|Publication number||US4556900 A|
|Application number||US 06/498,016|
|Publication date||Dec 3, 1985|
|Filing date||May 25, 1983|
|Priority date||May 25, 1983|
|Also published as||DE3419474A1|
|Publication number||06498016, 498016, US 4556900 A, US 4556900A, US-A-4556900, US4556900 A, US4556900A|
|Inventors||Donald H. Willis|
|Original Assignee||Rca Corporation|
|Export Citation||BiBTeX, EndNote, RefMan|
|Patent Citations (7), Non-Patent Citations (6), Referenced by (24), Classifications (7), Legal Events (6)|
|External Links: USPTO, USPTO Assignment, Espacenet|
The present invention relates to signal processing apparatus for increasing the magnitude of certain signals.
The present invention, although one of general applicability, is particularly advantageous when employed in the chrominance signal processing section of a color television (TV) receiver. Such receivers separate video signals into luminance and chrominance signals, and the chrominance section further separates the chrominance signals into chrominance components, for example, (R-Y) and (B-Y) components. For signals in the NTSC television system used in the United States, the transmitted luminance signal magnitude is between zero and 100 IRE units. In forming the color video signal for transmission, the magnitude of the (B-Y) chrominance component is modified by a factor of 0.493 and the (R-Y) chrominance component is modified by a factor 0.877 in order to restrict maximum signal amplitude overshoots to levels within the ranges of both the transmitter and the receiver. Thus, for a saturated blue signal, the maximum (B-Y) component vector magnitude of 89 IRE units is modified by the factor 0.493 so that the maximum transmitted (B-Y) magnitude is approximately 43.9 IRE units. Similarly, for a saturated red signal, the maximum (R-Y) component vector magnitude of 70 IRE units is modified by the factor 0.877 so that the maximum transmitted (R-Y) magnitude is approximately 61.4 IRE units. These signals can be either positive or negative in polarity.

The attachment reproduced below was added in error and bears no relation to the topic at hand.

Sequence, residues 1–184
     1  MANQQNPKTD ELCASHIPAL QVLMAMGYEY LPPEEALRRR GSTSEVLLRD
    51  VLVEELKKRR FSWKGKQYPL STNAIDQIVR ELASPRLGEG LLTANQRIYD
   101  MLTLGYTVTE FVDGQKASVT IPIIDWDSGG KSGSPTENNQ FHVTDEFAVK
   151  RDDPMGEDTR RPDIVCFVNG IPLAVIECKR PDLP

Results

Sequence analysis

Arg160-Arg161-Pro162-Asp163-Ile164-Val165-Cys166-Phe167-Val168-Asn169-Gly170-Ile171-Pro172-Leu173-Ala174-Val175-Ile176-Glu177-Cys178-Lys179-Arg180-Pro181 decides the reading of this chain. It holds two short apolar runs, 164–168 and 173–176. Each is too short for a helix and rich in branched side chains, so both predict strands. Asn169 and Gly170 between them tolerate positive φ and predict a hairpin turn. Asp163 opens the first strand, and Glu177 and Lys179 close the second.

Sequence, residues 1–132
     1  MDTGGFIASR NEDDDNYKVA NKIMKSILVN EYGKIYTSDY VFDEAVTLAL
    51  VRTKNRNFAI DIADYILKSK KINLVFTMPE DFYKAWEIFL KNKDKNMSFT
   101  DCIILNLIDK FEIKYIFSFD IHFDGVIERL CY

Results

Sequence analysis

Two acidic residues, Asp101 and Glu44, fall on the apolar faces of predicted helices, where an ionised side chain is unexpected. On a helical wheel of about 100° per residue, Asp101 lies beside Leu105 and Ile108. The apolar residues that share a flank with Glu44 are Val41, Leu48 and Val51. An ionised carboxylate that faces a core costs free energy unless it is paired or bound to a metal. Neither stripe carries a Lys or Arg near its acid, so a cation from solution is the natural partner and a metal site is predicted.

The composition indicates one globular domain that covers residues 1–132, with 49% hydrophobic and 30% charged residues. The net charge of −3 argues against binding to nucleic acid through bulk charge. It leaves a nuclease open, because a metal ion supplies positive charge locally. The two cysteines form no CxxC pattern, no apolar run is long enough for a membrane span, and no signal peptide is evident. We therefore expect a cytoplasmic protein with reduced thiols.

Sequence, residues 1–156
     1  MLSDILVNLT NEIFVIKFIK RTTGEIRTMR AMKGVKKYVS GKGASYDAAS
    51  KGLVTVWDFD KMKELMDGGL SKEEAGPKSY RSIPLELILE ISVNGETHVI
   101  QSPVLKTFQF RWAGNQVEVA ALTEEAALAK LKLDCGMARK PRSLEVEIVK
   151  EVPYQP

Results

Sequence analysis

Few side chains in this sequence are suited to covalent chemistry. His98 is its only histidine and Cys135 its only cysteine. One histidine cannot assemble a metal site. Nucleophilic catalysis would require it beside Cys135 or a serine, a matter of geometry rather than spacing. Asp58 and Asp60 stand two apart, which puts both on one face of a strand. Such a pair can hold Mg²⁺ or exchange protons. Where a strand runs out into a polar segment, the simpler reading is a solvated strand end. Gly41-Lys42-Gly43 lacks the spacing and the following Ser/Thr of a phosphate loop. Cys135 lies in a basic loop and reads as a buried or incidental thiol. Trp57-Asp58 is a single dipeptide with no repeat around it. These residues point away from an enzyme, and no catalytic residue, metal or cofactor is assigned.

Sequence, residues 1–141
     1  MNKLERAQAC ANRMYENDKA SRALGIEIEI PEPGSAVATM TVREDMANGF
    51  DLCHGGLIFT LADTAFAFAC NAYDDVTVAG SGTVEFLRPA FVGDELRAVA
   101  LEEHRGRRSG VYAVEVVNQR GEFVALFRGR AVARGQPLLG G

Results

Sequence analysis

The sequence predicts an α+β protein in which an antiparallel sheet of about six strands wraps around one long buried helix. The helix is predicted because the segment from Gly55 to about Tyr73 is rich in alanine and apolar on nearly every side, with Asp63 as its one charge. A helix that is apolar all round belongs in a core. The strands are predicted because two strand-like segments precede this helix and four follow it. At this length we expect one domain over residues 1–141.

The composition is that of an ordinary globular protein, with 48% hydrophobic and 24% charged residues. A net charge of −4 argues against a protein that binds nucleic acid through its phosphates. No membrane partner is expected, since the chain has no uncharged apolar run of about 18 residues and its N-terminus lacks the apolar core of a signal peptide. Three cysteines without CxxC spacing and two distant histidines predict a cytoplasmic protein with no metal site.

The receiver, however, must restore the (B-Y) and (R-Y) components to 89 and 70 IRE units, respectively, in order to produce a displayed picture accurately reproducing saturated blue and saturated red portions of the transmitted pictures. Conventionally, this restoration is provided as a final processing operation by selecting the relative weighting coefficients provided by a color signal matrix. The color signal matrix weights and combines the luminance signals and the chrominance component signals to produce red R, green G and blue B signals in standardized proportions. These R, G and B signals are applied to the kinescope to produce the picture display. Unfortunately, the (B-Y) component, which is received having a relatively lesser magnitude (i.e. ±43.9 IRE units), must produce the greatest display drive signal (i.e. ±89 IRE units) so that noise or errors introduced by such processing will tend to be more noticeable to a viewer than will errors in the (R-Y) component signal. This problem is aggravated where similar or common circuitry is employed to process (R-Y) and (B-Y) signals because the dynamic range of such circuitry must be designed to accept the larger amplitude (R-Y) signals. As a result, the (B-Y) signals do not fully utilize the available dynamic range of the processing circuitry. To reduce these problems, it is desirable to increase the magnitude of the (B-Y) component signal relative to that of the (R-Y) component signal, and to do so at a relatively early stage in its processing, rather than at the end thereof.